I remarked to one of the monastics last weekend how the Liturgy there felt very similar to a Lutheran liturgy. He agreed and said that if I was a Catholic it would’ve felt “very very similar” and if I was a good Episcopalian it would’ve felt “very very very similar”.
I have great love and admiration for my Roman Catholic friends and the good things that the Catholic Church does in so many areas. I long and hope for the day that the schism between Rome and the East is healed and genuine unity is restored.
A short disclaimer before I begin...
Because Roman Catholicism was not ever a serious contender, (I was very Lutheran, and I wasn't interested in converting to anything at all until I found what I did in Orthodoxy) I did not do as much research into the Catholic positions and situations that I'm discussing here. So i...
Today is the feast day of Saint Benedict, the founder of Benedictine Monasticism!
Last weekend I had the great blessing of visiting a western rite Orthodox monastery from the Benedictine Tradition.
Founded on Holy Cross Day, 2013, the The Monastery of Our Lady and Saint Laurence strives to model its life on the Holy Rule of Saint Benedict of Nursia (d. 547 A.D.), modified by its own Constitutions, under the guidance of its elected Prior (superior). Father Theodore is the Prior (or Abbott) of this monastery. Here he is making some lunch for everyone. Oh and that's Sebastian glaring at the camera. I don't think he liked me very much...
I was able to have some of the kids with me and it was an experience that they enjoyed as well. Evangelia said that her favorite part was playing cards and board games with the other pilgrims from church. Stephen said his favorite part was the nature walks.
Iakabos, Hope, Evangelia and Stephen just got home from a monastery retreat this weekend with a group from church. That means that I was home with Jacob, Kyriaki and Christine (and, of course my lovely mom who was helping out!)
We went to the store on Saturday to pick up a few things, and I left Jacob with Grammy for a few minutes in the shampoo aisle so I could go grab packing tape. When I came back what I saw was not surprising, but it was painful.
Jacob was sitting in his wheelchair, with Grammy looking at shampoos behind him, and he had slouched over and zoned out. It’s a particular face he gets when he’s feeling lost or confused about what’s happening around him. I saw that same exact look and posture at the orphanage; he looked like a sad, lost little boy.
Typically Jacob doesn’t go to the store much, because it’s an overwhelming and disorienting experience for him, but he went today. At first he seemed like he was having fun, but...
In a previous post I promised to explore what unity looks like in the Orthodox Church. Although there are a set of agreed upon liturgies, it certainly is not an absolutist, mechanical approach. I’ve been to a diversity of Orthodox parishes over the years, and they have all been different.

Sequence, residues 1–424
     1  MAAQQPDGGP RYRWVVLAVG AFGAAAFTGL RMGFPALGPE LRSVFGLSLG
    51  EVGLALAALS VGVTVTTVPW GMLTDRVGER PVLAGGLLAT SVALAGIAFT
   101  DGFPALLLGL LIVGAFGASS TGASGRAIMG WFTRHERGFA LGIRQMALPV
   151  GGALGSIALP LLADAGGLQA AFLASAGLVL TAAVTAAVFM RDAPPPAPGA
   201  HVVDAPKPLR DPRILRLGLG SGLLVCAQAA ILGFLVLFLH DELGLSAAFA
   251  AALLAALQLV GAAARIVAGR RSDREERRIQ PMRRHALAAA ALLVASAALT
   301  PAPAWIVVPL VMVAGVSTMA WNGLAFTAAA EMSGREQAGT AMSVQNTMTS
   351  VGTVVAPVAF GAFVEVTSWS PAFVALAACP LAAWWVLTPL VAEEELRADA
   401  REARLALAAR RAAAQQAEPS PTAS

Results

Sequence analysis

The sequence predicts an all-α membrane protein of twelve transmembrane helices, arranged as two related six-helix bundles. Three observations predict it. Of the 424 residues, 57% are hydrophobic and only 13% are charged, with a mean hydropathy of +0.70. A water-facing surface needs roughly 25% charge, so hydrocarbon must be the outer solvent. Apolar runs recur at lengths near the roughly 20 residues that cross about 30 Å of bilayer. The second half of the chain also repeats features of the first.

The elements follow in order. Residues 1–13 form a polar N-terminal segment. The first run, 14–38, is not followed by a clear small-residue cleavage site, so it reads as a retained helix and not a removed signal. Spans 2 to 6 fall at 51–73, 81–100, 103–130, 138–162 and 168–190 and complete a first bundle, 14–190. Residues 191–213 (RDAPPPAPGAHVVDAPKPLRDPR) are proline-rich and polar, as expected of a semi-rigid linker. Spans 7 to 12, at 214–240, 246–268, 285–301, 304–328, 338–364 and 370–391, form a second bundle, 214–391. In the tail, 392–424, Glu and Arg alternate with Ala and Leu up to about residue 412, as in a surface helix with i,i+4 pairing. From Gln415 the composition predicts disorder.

Some are Greek or Antiochian or Russian or Serbian. Sometimes the service has been in a completely different language, sometimes the service has all been in English, other times you will hear a multiplicity of languages all in one service.
Some parishes have hymnals and the laity are encouraged to sing along, others have nothing to follow and the choir alone chants most of the service. Some jurisdictions celebrate saints and feasts on different days of the year. Certain regions have more saints that they commemorate beyond the universal commemorations. Some priests have beards and wear cassocks everywhere they go, others don’t.
Orthodox people aren’t infallible in any sense, the...
“Also they [our churches] teach that men cannot be justified before God by their own strength, merits, or works, but are freely justified for Christ's sake, through faith, when they believe that they are received into favor, and that their sins are forgiven for Christ's sake, who, by His death, has made satisfaction for our sins. This faith God imputes for righteousness in His sight.” - Augsburg Confession, article 4
In our most recent post Iakabos discussed Sola Scriptura and its effect on worship and doctrine in Western churches. But the Scripture Alone principle is not the only sola of the reformation which affects worship practices in Protestantism. Today we are talking about sola fide – faith alone.
Very often converts to the pre-reformation churches, Roman Catholicism and Orthodoxy, are accused of being wooed by the “smells and bells” of the ancient liturgy. Several times...